Setting the Record Straight: No Amount of Alcohol Safe While Pregnant

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drinking alcohol while pregnant According to a new report by the American Academy of Pediatrics (AAP), drinking alcohol while pregnant could lead to lifelong cognitive and behavioral issues.

While previous studies have hinted that a little bit of alcohol consumption during pregnancy may be harmless, the AAP has issued a new warning that no amount of drinking is safe while pregnant.

Dr. Janet Williams, the report’s co-author, states, “The only guarantee of having no effects from alcohol is no prenatal alcohol exposure,” adding that “alcohol has subtle yet important lasting effects on academic performance, attention, behavior, cognition, memory, language skills, and visual and motor development.”

The new report, published online today in the journal Pediatrics, suggests that there is no safe trimester to drink alcohol and that all forms of alcohol, including wine and beer, pose similar risks. The report further states that binge drinking poses a higher risk in line with the excess amount of alcohol consumption. Binge drinking in women, according to Williams, is defined as drinking four or more drinks in the span of two hours.

Commenting on previous studies that suggest drinking a small number of drinks while pregnant is safe, Williams explains that these studies actually don’t conclude that alcohol is safe. Instead, they show that based on specific participants and conditions, the evidence that alcohol exposure is the attributable factor is insufficient.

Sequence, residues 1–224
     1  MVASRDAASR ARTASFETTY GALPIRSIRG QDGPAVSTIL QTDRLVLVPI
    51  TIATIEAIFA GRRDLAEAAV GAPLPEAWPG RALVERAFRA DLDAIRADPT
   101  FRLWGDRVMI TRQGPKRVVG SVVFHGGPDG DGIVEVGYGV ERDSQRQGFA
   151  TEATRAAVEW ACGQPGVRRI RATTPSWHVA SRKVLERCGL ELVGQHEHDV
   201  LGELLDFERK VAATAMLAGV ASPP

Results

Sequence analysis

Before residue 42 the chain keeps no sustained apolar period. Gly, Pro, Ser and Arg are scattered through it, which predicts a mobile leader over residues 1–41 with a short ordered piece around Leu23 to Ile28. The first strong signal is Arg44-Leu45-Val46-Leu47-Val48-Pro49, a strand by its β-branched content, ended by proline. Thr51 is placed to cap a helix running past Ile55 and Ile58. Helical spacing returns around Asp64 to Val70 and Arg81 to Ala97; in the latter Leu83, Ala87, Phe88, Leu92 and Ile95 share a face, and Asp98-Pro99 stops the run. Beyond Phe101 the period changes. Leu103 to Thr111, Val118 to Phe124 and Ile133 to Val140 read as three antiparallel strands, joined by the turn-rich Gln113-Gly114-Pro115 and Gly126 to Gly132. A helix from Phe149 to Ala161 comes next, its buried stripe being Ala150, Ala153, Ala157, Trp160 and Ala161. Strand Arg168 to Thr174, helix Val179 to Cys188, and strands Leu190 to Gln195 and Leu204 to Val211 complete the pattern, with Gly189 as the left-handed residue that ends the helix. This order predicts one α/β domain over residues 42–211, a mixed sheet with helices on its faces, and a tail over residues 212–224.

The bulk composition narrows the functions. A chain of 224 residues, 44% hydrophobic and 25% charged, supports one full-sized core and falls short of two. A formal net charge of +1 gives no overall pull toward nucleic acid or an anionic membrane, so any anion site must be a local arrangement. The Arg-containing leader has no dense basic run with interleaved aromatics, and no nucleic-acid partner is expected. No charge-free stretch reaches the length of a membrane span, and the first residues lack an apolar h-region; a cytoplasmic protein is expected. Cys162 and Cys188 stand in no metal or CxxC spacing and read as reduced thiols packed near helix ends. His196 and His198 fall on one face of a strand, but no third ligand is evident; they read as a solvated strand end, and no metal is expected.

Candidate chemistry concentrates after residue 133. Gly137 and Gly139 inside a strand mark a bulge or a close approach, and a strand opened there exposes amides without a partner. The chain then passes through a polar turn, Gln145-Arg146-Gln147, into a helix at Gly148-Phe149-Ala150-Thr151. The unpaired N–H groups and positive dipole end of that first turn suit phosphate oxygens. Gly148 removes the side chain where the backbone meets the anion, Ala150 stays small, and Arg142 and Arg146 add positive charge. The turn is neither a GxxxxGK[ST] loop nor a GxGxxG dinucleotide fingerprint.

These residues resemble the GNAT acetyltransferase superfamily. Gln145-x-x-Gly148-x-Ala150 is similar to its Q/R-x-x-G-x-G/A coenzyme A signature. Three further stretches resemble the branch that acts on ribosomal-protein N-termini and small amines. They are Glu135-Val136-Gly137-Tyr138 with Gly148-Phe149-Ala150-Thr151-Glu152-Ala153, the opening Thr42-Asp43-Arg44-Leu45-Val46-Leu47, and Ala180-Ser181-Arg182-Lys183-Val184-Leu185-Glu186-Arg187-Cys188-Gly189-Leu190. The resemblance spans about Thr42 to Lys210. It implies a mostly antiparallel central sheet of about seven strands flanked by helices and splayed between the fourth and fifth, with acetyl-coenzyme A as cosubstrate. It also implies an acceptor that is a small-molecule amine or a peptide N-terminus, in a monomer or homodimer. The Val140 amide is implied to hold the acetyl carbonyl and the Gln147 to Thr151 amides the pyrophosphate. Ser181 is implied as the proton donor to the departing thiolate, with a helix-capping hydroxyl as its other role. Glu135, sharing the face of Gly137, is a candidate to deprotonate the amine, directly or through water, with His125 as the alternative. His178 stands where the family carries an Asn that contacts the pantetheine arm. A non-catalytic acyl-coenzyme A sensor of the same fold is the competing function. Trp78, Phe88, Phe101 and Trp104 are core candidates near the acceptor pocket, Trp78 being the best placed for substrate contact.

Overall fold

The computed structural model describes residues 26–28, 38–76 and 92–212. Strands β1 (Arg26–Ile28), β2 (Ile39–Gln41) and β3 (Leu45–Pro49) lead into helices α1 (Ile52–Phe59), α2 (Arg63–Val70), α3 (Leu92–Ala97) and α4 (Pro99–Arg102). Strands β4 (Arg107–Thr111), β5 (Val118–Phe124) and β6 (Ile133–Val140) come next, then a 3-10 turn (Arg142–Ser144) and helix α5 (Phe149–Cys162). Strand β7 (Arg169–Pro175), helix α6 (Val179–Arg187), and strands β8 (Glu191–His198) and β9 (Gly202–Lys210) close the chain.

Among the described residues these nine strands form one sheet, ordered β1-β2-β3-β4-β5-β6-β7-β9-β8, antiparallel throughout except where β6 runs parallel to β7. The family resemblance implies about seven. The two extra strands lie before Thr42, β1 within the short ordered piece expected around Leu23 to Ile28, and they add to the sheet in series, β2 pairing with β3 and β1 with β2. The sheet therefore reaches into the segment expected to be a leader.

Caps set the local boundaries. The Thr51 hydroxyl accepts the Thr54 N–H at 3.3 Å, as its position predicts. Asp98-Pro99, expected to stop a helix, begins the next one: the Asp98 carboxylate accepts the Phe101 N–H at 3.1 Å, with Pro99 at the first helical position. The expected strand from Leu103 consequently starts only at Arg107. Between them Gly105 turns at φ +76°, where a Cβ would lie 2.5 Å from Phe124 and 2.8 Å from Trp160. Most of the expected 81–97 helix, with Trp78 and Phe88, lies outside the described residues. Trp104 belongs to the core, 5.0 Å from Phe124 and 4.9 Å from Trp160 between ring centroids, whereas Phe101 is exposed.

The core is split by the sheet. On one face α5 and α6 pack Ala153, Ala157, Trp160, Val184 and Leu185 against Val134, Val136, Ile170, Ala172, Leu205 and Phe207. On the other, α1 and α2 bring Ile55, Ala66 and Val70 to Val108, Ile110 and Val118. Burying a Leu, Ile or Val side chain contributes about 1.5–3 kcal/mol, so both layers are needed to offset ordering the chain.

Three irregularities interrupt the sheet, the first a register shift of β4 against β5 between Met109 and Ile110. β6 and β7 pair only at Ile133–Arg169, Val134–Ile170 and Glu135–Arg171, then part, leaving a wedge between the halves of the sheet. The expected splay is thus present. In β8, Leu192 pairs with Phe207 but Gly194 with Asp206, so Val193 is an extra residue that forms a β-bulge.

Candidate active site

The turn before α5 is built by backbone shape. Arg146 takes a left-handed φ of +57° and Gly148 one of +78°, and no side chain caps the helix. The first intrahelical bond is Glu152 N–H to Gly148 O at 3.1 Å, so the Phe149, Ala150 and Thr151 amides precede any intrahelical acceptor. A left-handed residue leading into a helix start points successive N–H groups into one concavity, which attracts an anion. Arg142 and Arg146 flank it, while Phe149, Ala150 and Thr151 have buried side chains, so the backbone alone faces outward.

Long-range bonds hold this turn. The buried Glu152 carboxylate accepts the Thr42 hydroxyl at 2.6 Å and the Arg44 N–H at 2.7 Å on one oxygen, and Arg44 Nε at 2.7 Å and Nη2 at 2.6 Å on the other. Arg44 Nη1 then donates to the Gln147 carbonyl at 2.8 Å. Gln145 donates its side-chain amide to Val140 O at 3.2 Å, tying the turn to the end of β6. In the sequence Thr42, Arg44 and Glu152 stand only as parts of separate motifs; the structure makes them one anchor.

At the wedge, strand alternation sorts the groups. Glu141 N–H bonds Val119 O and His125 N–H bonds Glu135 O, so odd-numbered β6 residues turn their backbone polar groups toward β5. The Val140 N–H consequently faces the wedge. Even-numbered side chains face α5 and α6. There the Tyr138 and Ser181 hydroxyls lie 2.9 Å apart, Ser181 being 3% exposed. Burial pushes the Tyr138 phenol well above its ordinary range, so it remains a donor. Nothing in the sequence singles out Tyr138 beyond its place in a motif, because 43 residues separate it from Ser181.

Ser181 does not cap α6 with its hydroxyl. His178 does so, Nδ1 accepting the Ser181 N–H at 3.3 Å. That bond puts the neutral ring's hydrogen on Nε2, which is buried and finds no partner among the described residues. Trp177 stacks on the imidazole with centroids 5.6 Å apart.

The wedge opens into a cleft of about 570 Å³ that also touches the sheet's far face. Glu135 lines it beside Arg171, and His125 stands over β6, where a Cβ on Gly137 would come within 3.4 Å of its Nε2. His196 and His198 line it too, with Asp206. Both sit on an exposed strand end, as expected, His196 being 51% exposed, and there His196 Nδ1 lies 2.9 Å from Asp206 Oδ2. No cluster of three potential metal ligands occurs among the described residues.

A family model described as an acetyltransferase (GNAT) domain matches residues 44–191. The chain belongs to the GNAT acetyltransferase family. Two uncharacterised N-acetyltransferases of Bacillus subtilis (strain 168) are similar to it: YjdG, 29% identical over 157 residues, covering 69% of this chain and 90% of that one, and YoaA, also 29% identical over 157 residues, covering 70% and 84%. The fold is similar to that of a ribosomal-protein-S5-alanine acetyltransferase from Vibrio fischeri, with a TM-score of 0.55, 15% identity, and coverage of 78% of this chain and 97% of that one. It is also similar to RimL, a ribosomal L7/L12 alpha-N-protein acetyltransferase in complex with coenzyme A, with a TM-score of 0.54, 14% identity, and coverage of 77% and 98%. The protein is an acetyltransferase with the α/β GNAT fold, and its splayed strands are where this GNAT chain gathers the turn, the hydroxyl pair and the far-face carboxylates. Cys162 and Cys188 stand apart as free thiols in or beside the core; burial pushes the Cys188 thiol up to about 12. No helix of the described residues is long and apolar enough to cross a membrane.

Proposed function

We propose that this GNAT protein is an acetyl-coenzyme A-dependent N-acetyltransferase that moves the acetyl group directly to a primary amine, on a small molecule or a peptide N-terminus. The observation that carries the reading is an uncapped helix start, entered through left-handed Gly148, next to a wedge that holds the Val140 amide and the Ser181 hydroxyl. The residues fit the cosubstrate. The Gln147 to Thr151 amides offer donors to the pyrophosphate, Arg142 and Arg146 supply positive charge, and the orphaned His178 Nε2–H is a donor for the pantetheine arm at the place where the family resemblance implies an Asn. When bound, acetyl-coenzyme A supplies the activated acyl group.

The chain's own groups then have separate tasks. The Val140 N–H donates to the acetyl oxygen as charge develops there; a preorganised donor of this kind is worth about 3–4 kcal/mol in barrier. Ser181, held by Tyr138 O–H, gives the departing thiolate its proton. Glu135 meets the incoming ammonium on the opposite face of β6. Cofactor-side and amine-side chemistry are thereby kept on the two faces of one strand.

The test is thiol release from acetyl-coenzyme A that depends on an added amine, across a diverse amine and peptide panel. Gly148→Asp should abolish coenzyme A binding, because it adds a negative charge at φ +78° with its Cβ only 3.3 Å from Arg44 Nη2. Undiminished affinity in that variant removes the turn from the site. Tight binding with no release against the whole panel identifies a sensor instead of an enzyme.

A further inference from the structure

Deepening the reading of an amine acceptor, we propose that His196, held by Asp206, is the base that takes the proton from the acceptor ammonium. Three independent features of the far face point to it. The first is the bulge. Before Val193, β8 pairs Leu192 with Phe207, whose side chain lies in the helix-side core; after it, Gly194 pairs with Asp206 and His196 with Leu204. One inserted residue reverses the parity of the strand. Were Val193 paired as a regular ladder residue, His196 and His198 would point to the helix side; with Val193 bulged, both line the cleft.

However, despite the new research, Williams suggests that many women tend to rationalize their alcohol consumption while pregnant, believing that it’s either too low or infrequent enough that it’s a non-factor.

Christina Chambers, a professor of pediatrics at the Center for Better Beginnings at the University of California, San Diego, offers this advice: “Women of childbearing age who drink alcohol should consider their pattern of drinking. For example, avoid binge drinking and avoid pregnancy as long as they are drinking. If pregnancy is planned, then alcohol can be discontinued.”

Both Williams and Chambers note that alcohol consumption is risky during all stages of pregnancy, although neither would state that the risk is higher in certain stages.

Physicians have been warning about the hazards of drinking while pregnant for decades. Yet, nearly half of all women of childbearing age in the U.S. have reported that they consumed alcohol within the last month while nearly eight percent continue to drink alcohol during pregnancy.

Concerning the AAP report, Chambers notes it “is an important stand to take, and hopefully it will lead to less stigma associated with [fetal alcohol spectrum disorders] and to more access to and uptake of prevention and treatment services.”

Source for Today’s Article:
Dotinga, R., “No Amount of Alcohol Safe During Pregnancy, Doctors Say,” Medicine Net web site, October 19, 2015; http://www.medicinenet.com/script/main/art.asp?articlekey=191281.

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